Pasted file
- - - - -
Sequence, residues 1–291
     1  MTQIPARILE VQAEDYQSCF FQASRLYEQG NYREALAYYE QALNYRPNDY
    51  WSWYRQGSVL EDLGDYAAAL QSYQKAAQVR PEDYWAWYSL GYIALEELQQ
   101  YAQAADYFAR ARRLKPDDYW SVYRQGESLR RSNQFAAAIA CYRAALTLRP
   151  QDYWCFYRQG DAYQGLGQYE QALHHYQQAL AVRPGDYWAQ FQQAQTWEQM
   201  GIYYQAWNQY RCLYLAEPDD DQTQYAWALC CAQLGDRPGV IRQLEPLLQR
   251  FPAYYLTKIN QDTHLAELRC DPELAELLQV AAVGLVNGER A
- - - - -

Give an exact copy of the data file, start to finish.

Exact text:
Sequence, residues 1–291
     1  MTQIPARILE VQAEDYQSCF FQASRLYEQG NYREALAYYE QALNYRPNDY
    51  WSWYRQGSVL EDLGDYAAAL QSYQKAAQVR PEDYWAWYSL GYIALEELQQ
   101  YAQAADYFAR ARRLKPDDYW SVYRQGESLR RSNQFAAAIA CYRAALTLRP
   151  QDYWCFYRQG DAYQGLGQYE QALHHYQQAL AVRPGDYWAQ FQQAQTWEQM
   201  GIYYQAWNQY RCLYLAEPDD DQTQYAWALC CAQLGDRPGV IRQLEPLLQR
   251  FPAYYLTKIN QDTHLAELRC DPELAELLQV AAVGLVNGER A